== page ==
The University of Louisiana at Lafayette has issued a master plan that will govern its ground – and water and air – game for the next three years.
This fall, University of Louisiana at Lafayette students who commute to and from four Acadiana communities can let someone else do the driving.
That’s thanks to Ride Acadiana, a pilot transit program that will launch Monday, Aug. 20, the first day of the Fall 2018 semester. On weekdays, buses will travel round trip between Lafayette and the communities of Crowley, Duson, Rayne and Scott. One of its stops is UL Lafayette’s Edith Garland Dupré Library.
Passengers can ride for free through Friday, Aug. 24, city transit officials announced Thursday.
Patricia Cottonham, UL Lafayette’s vice president for Student Affairs, said students who use the commuter service “aren’t only getting a ride to campus and a ride home. The transit program also provides the opportunity to study, review class notes or decompress while someone else takes the wheel.”
South Louisiana Community College is also a stop, and commuters who work in Lafayette or people whose doctors are in the city can use it as well, said Monique Boulet, the Acadiana Planning Commission’s chief executive officer.
The planning commission is administering the program in cooperation with Lafayette Consolidated Government. A U.S. Department of Agriculture grant is funding it with support from the Louisiana Department of Transportation and Development.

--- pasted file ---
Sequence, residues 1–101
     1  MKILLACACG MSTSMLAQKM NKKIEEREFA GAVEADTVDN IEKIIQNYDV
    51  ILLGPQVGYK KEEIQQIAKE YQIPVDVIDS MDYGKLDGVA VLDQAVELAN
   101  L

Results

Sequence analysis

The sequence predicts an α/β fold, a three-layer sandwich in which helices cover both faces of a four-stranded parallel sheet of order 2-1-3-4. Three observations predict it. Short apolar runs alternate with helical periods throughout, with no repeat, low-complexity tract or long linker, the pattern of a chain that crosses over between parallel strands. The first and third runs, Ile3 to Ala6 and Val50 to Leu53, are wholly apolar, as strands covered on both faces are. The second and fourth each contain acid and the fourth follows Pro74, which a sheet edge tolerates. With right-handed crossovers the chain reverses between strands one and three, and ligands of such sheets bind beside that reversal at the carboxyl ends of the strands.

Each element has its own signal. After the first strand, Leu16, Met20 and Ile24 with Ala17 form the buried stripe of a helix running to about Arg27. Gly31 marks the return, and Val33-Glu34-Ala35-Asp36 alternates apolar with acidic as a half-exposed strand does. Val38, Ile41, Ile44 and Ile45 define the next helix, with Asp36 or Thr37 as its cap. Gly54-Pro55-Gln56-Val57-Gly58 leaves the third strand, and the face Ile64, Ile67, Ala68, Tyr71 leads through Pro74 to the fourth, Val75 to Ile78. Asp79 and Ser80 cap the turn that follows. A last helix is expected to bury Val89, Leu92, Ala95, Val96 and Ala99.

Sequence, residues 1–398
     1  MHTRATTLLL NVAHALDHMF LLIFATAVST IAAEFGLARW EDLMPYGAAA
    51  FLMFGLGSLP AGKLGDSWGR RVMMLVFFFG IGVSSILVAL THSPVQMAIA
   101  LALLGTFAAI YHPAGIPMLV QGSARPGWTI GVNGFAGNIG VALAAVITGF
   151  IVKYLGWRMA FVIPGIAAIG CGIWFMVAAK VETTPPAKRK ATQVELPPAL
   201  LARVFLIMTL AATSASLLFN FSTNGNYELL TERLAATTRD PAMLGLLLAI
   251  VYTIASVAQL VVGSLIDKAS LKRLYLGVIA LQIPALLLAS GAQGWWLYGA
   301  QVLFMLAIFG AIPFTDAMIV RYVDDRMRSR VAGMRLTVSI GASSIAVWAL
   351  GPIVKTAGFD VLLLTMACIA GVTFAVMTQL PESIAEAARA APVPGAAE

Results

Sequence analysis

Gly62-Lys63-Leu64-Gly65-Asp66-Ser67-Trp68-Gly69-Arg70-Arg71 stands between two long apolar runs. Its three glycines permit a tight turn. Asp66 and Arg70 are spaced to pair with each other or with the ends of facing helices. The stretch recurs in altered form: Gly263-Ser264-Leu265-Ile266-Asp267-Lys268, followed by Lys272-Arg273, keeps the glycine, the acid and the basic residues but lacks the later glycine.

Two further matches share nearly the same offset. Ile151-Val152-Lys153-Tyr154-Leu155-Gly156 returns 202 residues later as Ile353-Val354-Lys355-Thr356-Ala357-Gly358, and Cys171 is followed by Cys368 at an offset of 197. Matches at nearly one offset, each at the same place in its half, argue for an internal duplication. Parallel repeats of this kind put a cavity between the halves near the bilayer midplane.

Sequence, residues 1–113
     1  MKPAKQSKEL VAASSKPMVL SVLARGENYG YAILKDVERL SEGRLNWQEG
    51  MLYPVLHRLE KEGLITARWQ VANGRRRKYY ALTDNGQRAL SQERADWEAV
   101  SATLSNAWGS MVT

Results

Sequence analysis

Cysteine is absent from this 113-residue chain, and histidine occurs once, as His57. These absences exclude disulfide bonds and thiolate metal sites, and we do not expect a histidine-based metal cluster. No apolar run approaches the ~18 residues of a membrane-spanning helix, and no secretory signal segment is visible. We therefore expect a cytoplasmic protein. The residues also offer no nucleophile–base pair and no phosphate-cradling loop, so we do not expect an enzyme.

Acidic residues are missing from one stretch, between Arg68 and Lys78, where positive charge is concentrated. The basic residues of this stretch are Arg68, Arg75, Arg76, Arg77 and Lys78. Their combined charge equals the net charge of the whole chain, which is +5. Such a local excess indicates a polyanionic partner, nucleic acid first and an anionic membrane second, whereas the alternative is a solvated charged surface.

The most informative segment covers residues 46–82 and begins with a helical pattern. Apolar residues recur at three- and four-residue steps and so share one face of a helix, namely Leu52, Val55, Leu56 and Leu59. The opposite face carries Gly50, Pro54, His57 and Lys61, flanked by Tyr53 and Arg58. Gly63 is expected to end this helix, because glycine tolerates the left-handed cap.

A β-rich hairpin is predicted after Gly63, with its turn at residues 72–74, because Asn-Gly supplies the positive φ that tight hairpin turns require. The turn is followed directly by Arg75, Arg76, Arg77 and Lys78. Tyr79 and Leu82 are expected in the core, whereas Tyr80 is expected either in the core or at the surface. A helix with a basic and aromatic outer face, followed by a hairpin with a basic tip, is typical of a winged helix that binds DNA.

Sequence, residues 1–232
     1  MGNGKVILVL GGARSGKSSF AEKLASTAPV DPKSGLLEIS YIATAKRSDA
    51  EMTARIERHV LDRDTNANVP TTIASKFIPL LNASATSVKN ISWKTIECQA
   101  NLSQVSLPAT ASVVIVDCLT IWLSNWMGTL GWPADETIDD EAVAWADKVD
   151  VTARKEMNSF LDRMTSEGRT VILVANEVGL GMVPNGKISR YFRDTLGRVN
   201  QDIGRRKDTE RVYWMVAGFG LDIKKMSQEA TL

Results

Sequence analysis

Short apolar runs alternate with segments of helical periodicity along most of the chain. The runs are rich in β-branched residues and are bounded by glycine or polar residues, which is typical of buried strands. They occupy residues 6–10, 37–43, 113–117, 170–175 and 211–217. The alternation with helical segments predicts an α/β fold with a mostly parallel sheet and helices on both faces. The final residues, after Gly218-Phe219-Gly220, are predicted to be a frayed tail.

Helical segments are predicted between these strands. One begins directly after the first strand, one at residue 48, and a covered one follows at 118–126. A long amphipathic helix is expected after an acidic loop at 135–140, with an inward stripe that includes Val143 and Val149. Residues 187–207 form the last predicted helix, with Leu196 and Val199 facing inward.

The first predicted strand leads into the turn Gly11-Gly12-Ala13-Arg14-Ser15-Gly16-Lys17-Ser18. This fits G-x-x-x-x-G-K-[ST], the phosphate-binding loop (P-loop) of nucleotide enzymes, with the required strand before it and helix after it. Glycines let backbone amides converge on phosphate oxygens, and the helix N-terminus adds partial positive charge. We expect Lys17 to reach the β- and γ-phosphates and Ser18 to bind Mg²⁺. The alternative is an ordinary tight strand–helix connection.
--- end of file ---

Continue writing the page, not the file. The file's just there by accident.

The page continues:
“Ride Acadiana will provide commuters between Acadia Parish and Lafayette with easy, affordable access to transportation, with the additional benefit of reducing the number of vehicles on the road,” Boulet said.
And fewer vehicles on the road are good for the environment, said Gretchen Lacombe Vanicor, director of the Office of Sustainability.
UL Lafayette’s Sustainability Strategic Plan encourages ride-sharing and public transit use among students and faculty as a way to reduce harmful emissions.
“Sharing rides or taking the bus alleviates traffic congestion; that’s the immediate benefit. But in the long term, sustainable transportation choices limit the production of greenhouse gases such as carbon dioxide,” Vanicor said.
Eight daily trips – four to Lafayette and four return journeys – are planned initially. If successful, service could be extended to other parishes, Boulet said.
Lafayette Consolidated Government will provide two, 16-seat buses that will run Mondays through Fridays, from 5:30 a.m. to noon, and from 1-8 p.m.
There are seven stops in the Hub City, including Dupré Library, SLCC and Lafayette General Medical Center. Others include: Acadia General Hospital and the Wal-Mart Supercenter, in Crowley; Duson City Hall; Southside Community Center and U.S. Post Office, in Rayne; and Scott Market in Scott.
There are 20 stops all together; a complete list can be found here. The website also includes fare information and maps of the routes.